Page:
Waiting isn’t fun. And yet, so much of our lives are spent waiting.
Waiting in lines – at the checkout, to get into a show or a game.
Waiting for food at a restaurant.
Waiting in traffic.
Waiting to board a flight.
Waiting to find out the results of a test.
Waiting to hear back from a friend.
Waiting your turn.
Waiting for your big break.
Waiting to know what to do next.
Waiting for change.
Waiting for justice.
Sometimes we don’t even know what it is we’re waiting for.
Waiting. Waiting. Waiting.
If so much of our lives are spent waiting, we might as well learn to embrace the wait, right?
I am freakishly talented at picking the worst line to wait in (at Costco, Walmart, grocery stores, etc.).
I scan the aisles and observe who has the most in their cart and how many people I would be behind. And then I pick one.
And more times than not, it ends up being the line with the person who is price matching every single item or cashier who is feeling particularly sluggish that day.
I look around at all of the spots I marked in my mind and look at where I could have been if only I’d chosen that line. And then I look in front of me at the woman rolling her eyes and checking her phone for the time, and I think, “Oh boy! I don’t want to be like that… just be patient, Christina.”
And when I can catch myself in those moments, I pause. I stop and think about the person who is price matching every item and remind myself that she has a story. She may be struggling to make ends meet or may be working herself out of debt and doing everything she can to be wise financially.
I think about the cashier who has been there for several hours and is watching the snow build up outside and is wondering how she’s going to make it home after her shift. She has a story, too.
I stop and check in with God, thanking Him for my day so far, asking Him for guidance where I may need it.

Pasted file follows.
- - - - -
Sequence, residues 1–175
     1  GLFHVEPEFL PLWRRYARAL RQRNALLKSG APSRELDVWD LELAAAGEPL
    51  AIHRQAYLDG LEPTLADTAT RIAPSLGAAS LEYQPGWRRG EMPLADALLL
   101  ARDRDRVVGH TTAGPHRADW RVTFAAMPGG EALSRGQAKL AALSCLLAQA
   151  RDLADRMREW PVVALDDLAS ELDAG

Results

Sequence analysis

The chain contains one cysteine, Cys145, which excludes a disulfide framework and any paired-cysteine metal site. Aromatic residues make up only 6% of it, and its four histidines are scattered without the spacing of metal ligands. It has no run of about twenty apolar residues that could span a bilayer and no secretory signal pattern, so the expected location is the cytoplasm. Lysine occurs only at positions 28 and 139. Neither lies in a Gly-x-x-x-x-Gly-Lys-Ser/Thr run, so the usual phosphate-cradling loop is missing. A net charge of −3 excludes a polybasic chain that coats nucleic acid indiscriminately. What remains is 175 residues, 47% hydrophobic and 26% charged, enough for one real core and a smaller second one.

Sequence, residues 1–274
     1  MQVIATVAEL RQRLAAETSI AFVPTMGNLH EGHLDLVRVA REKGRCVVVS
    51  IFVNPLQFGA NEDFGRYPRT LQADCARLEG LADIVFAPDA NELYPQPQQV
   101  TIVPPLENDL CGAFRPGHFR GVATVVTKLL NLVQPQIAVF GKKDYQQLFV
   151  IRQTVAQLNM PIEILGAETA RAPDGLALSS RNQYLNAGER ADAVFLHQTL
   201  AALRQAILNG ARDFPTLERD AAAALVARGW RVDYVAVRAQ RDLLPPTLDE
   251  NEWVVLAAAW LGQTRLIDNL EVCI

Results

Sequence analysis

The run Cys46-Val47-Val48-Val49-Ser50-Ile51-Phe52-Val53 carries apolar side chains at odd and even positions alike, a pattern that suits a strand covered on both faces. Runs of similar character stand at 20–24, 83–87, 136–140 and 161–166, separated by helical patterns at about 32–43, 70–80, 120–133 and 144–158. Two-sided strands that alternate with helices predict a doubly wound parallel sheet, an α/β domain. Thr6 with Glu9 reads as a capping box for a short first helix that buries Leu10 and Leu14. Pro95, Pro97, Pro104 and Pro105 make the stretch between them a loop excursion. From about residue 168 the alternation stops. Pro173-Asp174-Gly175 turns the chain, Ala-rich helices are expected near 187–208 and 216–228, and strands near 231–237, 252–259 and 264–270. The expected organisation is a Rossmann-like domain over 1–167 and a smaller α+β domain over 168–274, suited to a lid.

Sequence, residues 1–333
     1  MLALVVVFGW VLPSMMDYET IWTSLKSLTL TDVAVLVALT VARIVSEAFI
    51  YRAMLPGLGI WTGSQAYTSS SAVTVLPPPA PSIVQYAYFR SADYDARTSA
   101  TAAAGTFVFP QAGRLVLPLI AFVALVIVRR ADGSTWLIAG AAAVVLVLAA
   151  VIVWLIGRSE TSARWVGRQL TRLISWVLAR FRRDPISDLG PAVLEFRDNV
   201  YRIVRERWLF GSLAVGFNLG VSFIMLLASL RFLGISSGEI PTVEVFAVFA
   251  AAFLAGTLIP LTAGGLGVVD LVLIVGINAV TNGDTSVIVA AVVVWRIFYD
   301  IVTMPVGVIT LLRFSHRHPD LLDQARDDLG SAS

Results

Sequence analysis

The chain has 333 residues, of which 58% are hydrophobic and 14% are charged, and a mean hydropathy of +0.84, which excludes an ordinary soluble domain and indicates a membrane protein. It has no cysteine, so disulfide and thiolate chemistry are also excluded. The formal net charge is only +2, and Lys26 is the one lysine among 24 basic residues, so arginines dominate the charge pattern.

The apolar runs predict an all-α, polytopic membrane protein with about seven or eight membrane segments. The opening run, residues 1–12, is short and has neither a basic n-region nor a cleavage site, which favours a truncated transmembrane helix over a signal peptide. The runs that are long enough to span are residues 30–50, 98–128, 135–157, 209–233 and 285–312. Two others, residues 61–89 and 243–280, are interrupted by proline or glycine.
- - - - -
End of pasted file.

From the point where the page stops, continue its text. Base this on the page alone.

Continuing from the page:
And then I smile as my turn has finally arrived and ask, “How are you today?” to the person serving me.
You see, there is so much to see, so much to learn, while we’re waiting. Unfortunately, we’re usually too focused on where we’re headed. Our destination can’t come fast enough, so we miss where we are. Right. Now.
When you really think about how many seconds, hours, minutes, days, months, and even years of your life are spent waiting, doesn’t it just make sense to learn to embrace the wait?
What would that look like? To actually embrace waiting?
Don’t wait alone. First of all, you’re not alone, but if you’re anything like me, it’s habitual to try to do things on your own. You seriously don’t have to wait alone. Wait on God. Wait with God.
Be open to what God can teach you through this time. Keep your eyes wide open. Pay attention to the little things.
See the growth. Depending on the season, you may be growing roots or starting to sprout. Either way, life would be so much easier if we could see our growth in timelapse mode. But then we wouldn’t see each millimeter of growth for what it is.
Wait in hope. Whatever you do, don’t lose hope while you wait. Waiting isn’t easy. In fact, it’s usually hard. But there is hope.
“There’s more to come: We continue to shout our praise even when we’re hemmed in with troubles, because we know how troubles can develop passionate patience in us, and how that patience in turn forges the tempered steel of virtue, keeping us alert for whatever God will do next. In alert expectancy such as this, we’re never left feeling shortchanged. Quite the contrary—we can’t round up enough containers to hold everything God generously pours into our lives through the Holy Spirit!” Romans 5:3-5 (MSG)